CNC programmer

CNC operator, CNC setter, CNC machinist computer numerically controlled programmer

Career outlook for CNC programmer

Figures and forecasts for roles at the same level, which require similar skills and qualifications.

Average UK salary

£33,280

Currently employed in Scotland

2,000

Five year job forecast

-2.98%

"LMI for All" supplies our salary and employment status information. "Oxford Economics" supplies job forecasts and employment figures.

What's it like?

CNC (computer numerically controlled) programmers set up and operate the machines that might cut, drill, stamp, grind and laser different materials for manufacturing purposes. 

The machines can be used to make parts for vehicle and aerospace, furniture, military equipment and much more. 

The machines are programmed to tell them exactly what they need to do to manipulate the metal or other material. You might write the directions or use technical drawings to programme the machine with the data. 

You’d use technical and design knowledge to identify what the machine needs to do and then you’d operate the machine and set the appropriate functionalities (cutting speed, for example) to create the end product. 

What you'll do

  • Use instructions or technical drawings to set-up the CNC machines 
  • Write the program to tell the machine what it needs to do 
  • Decide which tools are needed for each project 
  • Check the quality of the items produced 
  • Adjust the tools and machinery if necessary 
  • Clean and maintain the machines regularly 
  • Set-up any hand-controlled machinery correctly 
  • Control cutting speeds on the machine 

Working conditions

Hours

You’ll likely work normal hours from 9am until 5pm on weekdays, but this depends on the organisation.

Environment

You might work in workshop or a factory.

UK employment status

Full-time

60%

Part-time

27%

Self employed

13%

Here are some of the skills needed for this job. Sign in to see how your skills match up.

  • Listening
  • Reading
  • Working with technology
  • Written communication
  • Resourceful
  • Attention to detail

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Getting in

Entry requirements for courses can change. Always contact the college, university or training provider to check exactly what you’ll need.

Foundation Apprenticeships

Choosing a Foundation Apprenticeship as one of your subjects in S5 and S6 can help you get a head start with this type of job.

You'll get an SCQF level 6 qualification (the same level as a Higher) plus valuable work placement experience and skills you can't learn in a classroom.

Interested? Find out what's on offer at your school on Apprenticeships.scot.

Qualifications

There are a number of ways to get qualified for this job through college, university or work-based qualifications, such as apprenticeships.

You'll be using software and coding languages in order to create programs to run the most effective manufacturing process – to do this effectively, you'd benefit from:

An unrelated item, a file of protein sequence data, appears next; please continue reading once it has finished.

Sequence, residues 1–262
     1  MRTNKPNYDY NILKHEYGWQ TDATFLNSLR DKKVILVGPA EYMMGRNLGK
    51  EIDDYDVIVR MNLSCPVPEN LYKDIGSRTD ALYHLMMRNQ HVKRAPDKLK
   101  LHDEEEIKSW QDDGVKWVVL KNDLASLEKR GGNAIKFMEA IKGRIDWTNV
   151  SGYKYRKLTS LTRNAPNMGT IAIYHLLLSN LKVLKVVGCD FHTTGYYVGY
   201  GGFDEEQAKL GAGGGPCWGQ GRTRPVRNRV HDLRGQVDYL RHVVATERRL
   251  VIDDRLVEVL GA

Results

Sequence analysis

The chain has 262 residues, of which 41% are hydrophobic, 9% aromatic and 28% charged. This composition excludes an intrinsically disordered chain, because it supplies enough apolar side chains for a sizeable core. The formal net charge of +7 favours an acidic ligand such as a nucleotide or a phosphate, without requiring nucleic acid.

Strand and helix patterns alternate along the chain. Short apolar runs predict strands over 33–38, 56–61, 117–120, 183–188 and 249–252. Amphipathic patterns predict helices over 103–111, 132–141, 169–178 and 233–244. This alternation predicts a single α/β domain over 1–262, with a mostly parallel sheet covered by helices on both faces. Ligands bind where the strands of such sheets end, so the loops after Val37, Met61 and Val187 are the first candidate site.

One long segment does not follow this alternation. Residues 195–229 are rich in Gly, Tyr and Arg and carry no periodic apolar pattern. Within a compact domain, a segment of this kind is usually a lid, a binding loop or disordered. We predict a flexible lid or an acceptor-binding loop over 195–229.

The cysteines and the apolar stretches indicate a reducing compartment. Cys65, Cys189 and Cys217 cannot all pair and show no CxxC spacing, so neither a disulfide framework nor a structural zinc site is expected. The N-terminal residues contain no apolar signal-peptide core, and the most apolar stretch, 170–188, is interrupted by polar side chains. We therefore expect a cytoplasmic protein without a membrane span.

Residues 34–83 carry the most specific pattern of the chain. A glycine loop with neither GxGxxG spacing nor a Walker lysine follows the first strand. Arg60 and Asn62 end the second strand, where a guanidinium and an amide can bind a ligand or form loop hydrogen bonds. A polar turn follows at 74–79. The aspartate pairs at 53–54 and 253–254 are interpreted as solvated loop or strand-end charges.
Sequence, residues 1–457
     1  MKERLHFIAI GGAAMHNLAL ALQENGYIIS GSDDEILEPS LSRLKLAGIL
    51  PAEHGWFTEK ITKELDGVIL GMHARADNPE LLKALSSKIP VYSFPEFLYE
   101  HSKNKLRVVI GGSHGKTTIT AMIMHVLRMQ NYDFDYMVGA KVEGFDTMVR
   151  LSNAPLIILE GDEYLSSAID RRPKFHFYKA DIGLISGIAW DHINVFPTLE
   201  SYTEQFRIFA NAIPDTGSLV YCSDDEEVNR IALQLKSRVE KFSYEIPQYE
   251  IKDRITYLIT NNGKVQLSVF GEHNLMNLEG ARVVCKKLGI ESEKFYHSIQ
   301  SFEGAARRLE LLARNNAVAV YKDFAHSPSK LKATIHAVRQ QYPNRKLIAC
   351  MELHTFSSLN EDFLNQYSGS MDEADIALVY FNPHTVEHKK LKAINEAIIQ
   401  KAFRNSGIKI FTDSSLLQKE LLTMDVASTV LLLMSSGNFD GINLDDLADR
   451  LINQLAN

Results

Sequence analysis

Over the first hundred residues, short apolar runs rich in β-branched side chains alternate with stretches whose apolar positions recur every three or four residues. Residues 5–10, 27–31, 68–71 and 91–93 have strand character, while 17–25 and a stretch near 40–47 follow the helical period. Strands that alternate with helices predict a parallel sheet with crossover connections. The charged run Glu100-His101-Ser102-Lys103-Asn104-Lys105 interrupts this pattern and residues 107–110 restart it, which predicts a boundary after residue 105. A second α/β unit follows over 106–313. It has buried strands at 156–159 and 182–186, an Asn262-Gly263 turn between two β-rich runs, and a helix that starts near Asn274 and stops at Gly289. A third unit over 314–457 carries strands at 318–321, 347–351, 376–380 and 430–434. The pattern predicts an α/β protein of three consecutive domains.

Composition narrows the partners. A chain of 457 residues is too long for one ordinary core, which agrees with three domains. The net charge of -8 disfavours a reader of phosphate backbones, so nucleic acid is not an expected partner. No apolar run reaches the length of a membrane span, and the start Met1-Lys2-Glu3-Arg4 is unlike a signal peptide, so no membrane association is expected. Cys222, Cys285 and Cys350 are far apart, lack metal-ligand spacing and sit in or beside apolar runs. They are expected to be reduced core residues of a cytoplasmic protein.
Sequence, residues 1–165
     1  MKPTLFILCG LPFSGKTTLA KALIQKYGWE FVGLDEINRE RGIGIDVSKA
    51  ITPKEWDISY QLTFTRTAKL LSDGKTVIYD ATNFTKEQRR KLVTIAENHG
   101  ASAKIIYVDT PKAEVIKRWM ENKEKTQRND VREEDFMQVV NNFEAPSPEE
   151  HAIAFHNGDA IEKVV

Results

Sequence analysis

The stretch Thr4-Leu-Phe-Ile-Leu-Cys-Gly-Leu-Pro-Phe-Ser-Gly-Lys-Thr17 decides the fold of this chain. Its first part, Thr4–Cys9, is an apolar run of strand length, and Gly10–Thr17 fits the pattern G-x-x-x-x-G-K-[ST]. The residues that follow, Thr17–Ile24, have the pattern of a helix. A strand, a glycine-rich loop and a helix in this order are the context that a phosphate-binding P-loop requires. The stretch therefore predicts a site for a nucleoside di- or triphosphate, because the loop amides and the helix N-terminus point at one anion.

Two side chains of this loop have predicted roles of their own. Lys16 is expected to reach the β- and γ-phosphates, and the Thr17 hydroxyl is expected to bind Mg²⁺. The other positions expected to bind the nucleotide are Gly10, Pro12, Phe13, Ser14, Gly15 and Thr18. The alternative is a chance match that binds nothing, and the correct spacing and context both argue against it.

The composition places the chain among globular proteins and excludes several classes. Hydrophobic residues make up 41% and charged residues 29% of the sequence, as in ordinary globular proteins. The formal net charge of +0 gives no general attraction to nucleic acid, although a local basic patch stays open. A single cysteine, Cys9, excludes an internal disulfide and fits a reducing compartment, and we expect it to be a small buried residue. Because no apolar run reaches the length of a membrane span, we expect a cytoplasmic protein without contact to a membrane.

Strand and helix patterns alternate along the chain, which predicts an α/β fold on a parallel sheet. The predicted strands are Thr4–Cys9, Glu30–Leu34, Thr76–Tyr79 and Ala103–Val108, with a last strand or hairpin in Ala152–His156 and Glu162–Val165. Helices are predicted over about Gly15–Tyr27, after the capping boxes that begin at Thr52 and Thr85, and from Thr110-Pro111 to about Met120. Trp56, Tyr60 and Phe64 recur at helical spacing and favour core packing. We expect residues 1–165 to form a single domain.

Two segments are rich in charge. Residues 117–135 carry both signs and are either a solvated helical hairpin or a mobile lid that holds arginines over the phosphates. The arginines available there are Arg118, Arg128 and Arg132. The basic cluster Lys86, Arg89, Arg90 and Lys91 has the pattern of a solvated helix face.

• Understanding manufacturing processes
  • Having the ability to read and interpret engineering drawings

This knowledge and experience could be gained through a variety of sources such as college or university courses in areas such as:

  • Engineering systems/practice (manufacture)
  • Mechanical and manufacturing engineering
  • Computer aided design and technology
  • Software engineering

Apprenticeships

You can gain skills and qualifications in the workplace through options such as Foundation Apprenticeships (FA), Modern Apprenticeships (MA) and Graduate Apprenticeships (GA).

Foundation Apprenticeships (FAs) are chosen as one of your subjects in S5 and S6 but include hands-on learning at a local employer or college. They are the same level as a Higher.

You might want to consider an FA in areas such as:

  • IT: Software development
  • Engineering

Modern Apprenticeships (MAs) mean you learn on the job. You get paid and work towards a qualification at the same time.

You might want to consider an MA in areas such as:

  • Engineering technical

Graduate Apprenticeships (GAs) are designed for industry and you'll spend most of your time learning on the job but you'll also go to uni or college. You'll get a job, get paid and work towards a qualification at the same time.

You might want to consider a GA in areas such as:

  • Engineering: design and manufacture
  • IT: Software development

Useful subjects

Many colleges and universities will have required subjects that you must have for entry. They might also highlight additional subjects that they would value. Look at individual institution websites for specific entry information.  

Useful subjects would be:

  • Maths focussed subjects
  • ICT related subjects
  • English
  • Design and technology

Helpful to have

Not all employers list specific qualification requirements they might ask for relevant experience, usually work based, that demonstrate a range of transferable skills.

It is useful to have knowledge of CAD format models such as IGES and STEP.

Explore more information about this job